Beyond the Pages is my way of sharing the things books make me think about and interact with and want to talk about shared experiences with people. Some of my best conversations have happened because of something that came up in a book. I’m pretty personal in my reviews but I’d like a way to not bog down my review with a huge paragraph of personal experience so this is my way to be able to share it. Some times it will be serious and sometimes just random and fun but I hope we can connect! PAST Beyond the Pages here!
The book that inspired this conversation:
What It Is About:
Oh you guys! This is one of my favorite books of the year so far! I read it in January and I still can’t stop thinking about it and need to buy myself a copy to re-read it. Rainbow Rowell’s second adult book is about a marriage that has been off for some time and she knows it has been. It’s not an issue of not loving each other but between jobs and kids and all somehow it just has gotten a little lost. When they are a few days out from leaving for Omaha for Christmas, Georgie has a huge work opportunity arise and she has to stay in LA for it. She assumes they’ll all just stay home but is surprised when Neal decides he and the kids are still going. Scared of what this implies, Georgie wonders if it has all fallen apart for good and if/how she can fix it….until she’s given an opportunity to talk to Neal in the past.
What I said about it: “Rainbow Rowell continues her trend of being able to write poignantly and candidly about all sorts of love. I loved that, while this was partly a story about a love going wrong, it’s also a story about falling back in love and remembering the first time you fell in love with that person as well…especially in the face of maybe losing it all. She makes love just come alive and feel true.” You can read more of my thoughts about it here!
What It Got Me Thinking About:
relationships (marriage & friendships), not being passive in relationships, how much “work” relationships take, my own relationships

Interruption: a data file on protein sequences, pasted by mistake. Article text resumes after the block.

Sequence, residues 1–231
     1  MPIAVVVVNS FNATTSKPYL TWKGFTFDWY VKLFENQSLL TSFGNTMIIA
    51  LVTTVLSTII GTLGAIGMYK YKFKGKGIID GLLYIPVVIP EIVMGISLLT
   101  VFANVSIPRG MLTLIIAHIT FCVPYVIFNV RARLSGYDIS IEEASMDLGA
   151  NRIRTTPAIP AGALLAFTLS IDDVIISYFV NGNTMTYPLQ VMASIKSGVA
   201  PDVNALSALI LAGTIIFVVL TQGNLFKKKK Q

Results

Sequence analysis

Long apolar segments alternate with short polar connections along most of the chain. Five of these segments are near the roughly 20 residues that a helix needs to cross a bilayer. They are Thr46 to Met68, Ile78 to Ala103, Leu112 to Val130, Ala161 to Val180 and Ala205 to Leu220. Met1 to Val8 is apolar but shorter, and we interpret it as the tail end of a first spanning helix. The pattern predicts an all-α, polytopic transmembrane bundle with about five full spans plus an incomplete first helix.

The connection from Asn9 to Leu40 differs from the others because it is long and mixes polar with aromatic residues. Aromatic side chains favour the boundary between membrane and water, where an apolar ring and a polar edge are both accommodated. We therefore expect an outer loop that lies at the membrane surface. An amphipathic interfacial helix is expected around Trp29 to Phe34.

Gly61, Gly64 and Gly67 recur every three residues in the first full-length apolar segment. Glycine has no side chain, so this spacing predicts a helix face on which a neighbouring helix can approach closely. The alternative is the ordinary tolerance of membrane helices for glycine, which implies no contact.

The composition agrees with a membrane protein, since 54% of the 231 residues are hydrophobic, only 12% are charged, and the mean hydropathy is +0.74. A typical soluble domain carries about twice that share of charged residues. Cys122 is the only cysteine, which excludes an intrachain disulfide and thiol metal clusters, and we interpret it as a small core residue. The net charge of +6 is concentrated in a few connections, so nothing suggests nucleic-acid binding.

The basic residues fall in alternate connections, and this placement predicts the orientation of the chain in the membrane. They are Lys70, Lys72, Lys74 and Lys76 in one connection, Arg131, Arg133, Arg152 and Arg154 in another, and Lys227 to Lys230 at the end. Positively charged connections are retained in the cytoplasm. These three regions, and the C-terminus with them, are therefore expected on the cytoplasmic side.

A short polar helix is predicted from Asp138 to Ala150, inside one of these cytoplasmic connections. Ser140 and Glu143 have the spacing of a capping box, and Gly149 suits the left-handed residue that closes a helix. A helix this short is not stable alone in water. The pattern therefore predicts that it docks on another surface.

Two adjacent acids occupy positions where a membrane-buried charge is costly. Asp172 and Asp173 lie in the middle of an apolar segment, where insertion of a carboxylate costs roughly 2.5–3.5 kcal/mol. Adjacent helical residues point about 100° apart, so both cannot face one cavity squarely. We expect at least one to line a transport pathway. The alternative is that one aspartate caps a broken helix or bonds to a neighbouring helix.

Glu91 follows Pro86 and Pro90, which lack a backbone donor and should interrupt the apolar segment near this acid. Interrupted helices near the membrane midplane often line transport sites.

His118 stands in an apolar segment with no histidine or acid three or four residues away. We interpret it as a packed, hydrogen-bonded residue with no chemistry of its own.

There’s a lot of things Landline gave me to think about while reading it and after but one of the biggest things is how much care, commitment and “work” needs to go into a relationship — any kind of relationship. In Landline, the marriage was not dissolving because of necessarily huge things but these small, tiny moments. Little decisions that happened daily and were almost unnoticeable until one day you look up and realize,” WOW how did we end up like this?”
I’ve only been married for almost two years but I could see how easy it would be to get to this point. To get too complacent. Take things foregranted, unintentionally stop TRYING and let it all slip away. I think it’s easy to become passive in a relationship and not even realize it — to just let it BE and not do all the things to cultivate and nurture that relationship.
When I was younger I used to always say, “it shouldn’t take this much work to have this friendship/relationship.” And yes, in some cases it shouldn’t be THAT hard and shouldn’t constantly FEEL like work. But I think what I always thought was that relationships shouldn’t ever take work. That they should just naturally be. Maybe I was just too young to quite get it yet or maybe I was just mistaking what WORK meant in regards to relationships. But I truly believe that any good relationship worth having requires a certain degree of “work”. We must be active in maintaining it and nurturing it. Taking care of it. Not just putting it on cruise control or auto-pilot. I’m not saying we need to constantly be doing this but I think, as I reflect on my marriage already, I need to be mindful. It’s easy to slip into patterns, to stop communicating, to stop trying, to ignore things, stop making an effort to love each other. To just settle into the marriage and think it’s going to work because we love each other and smooth sailing from there.
It shouldn’t be all work. I’m not saying that. There’s a bigger problem there, I think, if all you are doing IS working on it. But I think we are doing a disservice to our important relationships if we don’t realize that they DO take some degree of work and nurturing and caring for. They need us to be intentional and active participants.
And it’s not even just marriages. It’s friendships too. I think of so many great friendships that just faded away because both parties just STOPPED — for no reason. It happened by letting the communication stop, by not being active in engaging that relationship and letting life get in the way. I never meant for it to happen but it did before I realized it. And sure, that’s life, sometimes friendships are going to naturally fade but I think too often we are passive in relationships and don’t put in the work without even meaning to. I know I do and I’m realizing that.